The documentary Miss Representation identifies the numerous ways women are misrepresented in the media, including in news, advertisements, movies, and television.
The title Miss Representation emphasizes that the way we portray women in the media is a misrepresentation, as in it does not do women justice and oftentimes, has a negative impact on the perception of women. Frequently in the media, women lack leading roles and complexity, are held to an unrealistic standard of beauty, and are subject to objectification and beautification (Newsom, 2011). These misrepresentations lay the groundwork for gender socialization, and therefore, shape how women perceive themselves and are perceived by others.
In the United States, the negative implications of misrepresentations of …show more content…
These movies allowed female characters to embody all the contradictions that could make them a woman. They were portrayed as the “femme fatale” and also “mother,” the “seductress” and at the same time the “saint,” (Newsom, 2011). Female characters were multi-faceted during this time and had much more complexity and interesting qualities than in the movies we watch today.
Today, only 16% of protagonists in movies are female, and the portrayal of these women is one of sexualization and dependence rather than complexity (Newsom, 2011). Mainstream movies are about men’s lives, and the few movies about women’s lives, at their core, still also revolve around men (Newsom, 2011). These female leads often have male love interests, looking to get married or get pregnant. Strong independent female leads are still exist for the male view, as they are hypersexualized, or the “fighting fuck toy,” (Newsom,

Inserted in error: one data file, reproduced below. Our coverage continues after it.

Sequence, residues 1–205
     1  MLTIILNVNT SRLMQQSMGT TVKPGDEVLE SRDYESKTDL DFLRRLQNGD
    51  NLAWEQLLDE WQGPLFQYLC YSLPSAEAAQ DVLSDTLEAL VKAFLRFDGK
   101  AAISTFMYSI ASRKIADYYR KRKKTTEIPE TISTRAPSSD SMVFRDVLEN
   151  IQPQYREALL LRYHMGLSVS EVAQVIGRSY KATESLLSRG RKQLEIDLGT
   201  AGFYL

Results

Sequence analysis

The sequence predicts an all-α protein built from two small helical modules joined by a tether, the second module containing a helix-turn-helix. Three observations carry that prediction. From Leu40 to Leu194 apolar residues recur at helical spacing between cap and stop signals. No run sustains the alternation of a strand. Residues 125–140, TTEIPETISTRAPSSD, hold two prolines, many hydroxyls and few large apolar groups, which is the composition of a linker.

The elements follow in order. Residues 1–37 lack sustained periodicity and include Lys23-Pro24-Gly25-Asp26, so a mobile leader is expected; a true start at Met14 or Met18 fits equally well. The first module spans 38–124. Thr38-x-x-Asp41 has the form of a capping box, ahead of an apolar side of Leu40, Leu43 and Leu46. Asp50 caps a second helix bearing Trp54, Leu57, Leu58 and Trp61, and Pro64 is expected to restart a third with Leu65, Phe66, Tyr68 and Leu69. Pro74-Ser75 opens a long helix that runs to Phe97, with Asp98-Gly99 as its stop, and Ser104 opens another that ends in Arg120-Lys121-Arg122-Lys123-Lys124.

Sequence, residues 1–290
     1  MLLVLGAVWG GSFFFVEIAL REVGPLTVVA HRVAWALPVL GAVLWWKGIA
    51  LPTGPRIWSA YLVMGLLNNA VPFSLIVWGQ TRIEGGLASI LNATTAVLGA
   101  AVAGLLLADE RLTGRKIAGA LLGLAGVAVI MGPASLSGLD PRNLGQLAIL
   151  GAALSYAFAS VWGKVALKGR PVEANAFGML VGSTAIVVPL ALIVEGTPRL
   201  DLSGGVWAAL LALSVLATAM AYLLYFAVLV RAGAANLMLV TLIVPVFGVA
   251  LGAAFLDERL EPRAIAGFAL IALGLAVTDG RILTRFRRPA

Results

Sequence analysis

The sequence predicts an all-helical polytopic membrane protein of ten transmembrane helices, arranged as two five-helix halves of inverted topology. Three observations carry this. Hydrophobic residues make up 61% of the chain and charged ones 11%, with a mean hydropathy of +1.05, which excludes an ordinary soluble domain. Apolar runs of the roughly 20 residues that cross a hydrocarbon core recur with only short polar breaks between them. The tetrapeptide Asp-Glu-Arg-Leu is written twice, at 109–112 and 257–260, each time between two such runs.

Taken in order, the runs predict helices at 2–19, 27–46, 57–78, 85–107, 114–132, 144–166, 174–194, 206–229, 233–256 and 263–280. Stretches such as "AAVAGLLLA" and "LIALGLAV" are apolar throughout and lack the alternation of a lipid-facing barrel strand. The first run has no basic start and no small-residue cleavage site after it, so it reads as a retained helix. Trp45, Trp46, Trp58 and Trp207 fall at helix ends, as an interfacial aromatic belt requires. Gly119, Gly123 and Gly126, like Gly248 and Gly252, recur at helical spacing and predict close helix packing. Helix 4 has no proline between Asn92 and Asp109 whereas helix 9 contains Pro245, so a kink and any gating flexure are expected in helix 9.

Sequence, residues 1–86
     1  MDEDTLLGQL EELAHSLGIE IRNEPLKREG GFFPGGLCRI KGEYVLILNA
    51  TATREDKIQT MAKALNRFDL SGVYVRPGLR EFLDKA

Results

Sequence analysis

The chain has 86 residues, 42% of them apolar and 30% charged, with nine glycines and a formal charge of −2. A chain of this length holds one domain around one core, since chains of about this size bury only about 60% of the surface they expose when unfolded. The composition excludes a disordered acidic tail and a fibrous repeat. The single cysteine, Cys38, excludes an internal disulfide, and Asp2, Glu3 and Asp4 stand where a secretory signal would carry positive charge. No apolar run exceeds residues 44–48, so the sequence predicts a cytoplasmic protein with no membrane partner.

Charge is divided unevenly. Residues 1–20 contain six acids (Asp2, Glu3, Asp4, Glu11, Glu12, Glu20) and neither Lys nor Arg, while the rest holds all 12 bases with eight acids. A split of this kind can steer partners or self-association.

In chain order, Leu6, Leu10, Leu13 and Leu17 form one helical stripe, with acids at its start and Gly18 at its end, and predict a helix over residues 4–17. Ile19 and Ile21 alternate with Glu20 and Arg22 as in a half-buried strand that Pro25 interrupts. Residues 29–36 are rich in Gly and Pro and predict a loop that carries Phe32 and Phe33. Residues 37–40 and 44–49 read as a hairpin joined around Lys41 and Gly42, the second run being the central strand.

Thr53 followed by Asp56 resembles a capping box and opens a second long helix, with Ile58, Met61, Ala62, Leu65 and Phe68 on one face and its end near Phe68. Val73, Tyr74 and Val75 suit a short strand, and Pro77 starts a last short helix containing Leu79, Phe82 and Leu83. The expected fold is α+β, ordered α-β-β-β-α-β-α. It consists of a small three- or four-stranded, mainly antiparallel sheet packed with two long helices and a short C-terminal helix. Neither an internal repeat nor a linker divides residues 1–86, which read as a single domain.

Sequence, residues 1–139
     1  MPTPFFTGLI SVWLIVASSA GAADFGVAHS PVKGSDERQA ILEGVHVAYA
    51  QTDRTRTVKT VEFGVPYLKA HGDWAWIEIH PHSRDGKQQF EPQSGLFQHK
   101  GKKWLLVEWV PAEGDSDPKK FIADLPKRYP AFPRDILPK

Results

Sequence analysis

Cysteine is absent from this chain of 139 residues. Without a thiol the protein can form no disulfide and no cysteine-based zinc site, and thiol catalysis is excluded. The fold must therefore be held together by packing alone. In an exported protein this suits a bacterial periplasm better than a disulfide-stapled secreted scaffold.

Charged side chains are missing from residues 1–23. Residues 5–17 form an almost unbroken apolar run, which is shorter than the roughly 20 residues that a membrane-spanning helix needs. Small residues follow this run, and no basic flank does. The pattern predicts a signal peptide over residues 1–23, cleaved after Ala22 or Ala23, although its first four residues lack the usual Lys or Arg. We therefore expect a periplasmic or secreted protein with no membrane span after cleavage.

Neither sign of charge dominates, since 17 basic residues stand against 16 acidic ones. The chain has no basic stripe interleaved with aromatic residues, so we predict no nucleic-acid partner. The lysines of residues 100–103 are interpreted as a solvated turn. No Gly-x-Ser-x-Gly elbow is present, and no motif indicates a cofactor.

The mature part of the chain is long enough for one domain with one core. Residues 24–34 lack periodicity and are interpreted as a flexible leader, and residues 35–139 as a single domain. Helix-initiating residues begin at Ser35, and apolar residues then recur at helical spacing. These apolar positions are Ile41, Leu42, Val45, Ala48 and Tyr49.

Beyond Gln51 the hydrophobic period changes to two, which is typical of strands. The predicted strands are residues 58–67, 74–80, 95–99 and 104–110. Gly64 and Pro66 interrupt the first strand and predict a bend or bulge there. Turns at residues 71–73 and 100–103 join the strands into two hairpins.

2011). This depiction has created a culture where women are insecure and waiting for a knight on a horse to come rescue and provide for her as well as the acceptance of women
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Instead, women are being discriminated and treated as inferior due to the stereotypes that are portrayed in the media. The media creates and reproduces ways of seeing that at a minimum reflect and shape our culture. We can look at the media to understand more about a culture’s values and norms, if we realize the limitations of looking at the media. For example, one may ask, does the news based in the United Sates represent what the American culture is like, or only what stands out from everyday American culture? The answer to that is no. Instead, the media represents what it thinks it will be able to sell and is supported by advertisements. This includes violent acts, the sensationally and inappropriate. Jhally reminds us that “it is this male, heterosexual, pornographic imagination based on the degradation and control of women that has colonized commercial culture in general, although it is more clearly articulated in music videos” (Jhally 2007). Therefore, “media content is a symbolic rather than a literal representation of society and that to be represented in the media is in itself a form of power—social groups that are powerless can be relatively easily ignored, allowing the media to focus on the social groups that ‘really matter’” (Gerbner,
For instance, in the film Roxanne Feder becomes jealous of Penny, a local sweetheart Lenny used to date back in sixth grade. The psychotic women threatened Roxanne 's position as Lenny 's wife. Even going as far as saying that Lenny still has feelings for her. Roxanne agrees with the woman that working and keeping a tight toned body will keep Lenny away from Penny. This shows that women can use their bodies and sex appeal as a weapon to seduce and keep that man they desire in their life. Towards the end of the film, the relentless Penny runs to comfort Lenny only after being kicked in the face by Roxanne, where she went to her husband 's aide. The quarrel between the two women in hopes of getting and keeping their man only shows how submissive women are perceived. It 's as if women are in desperate need of a man to comfort, lead and love them. Their so submissive that they would see each other as a threat giving off dirty looks, arguing and even having a physical fight just so that they can have the victory and honor of having Lenny as their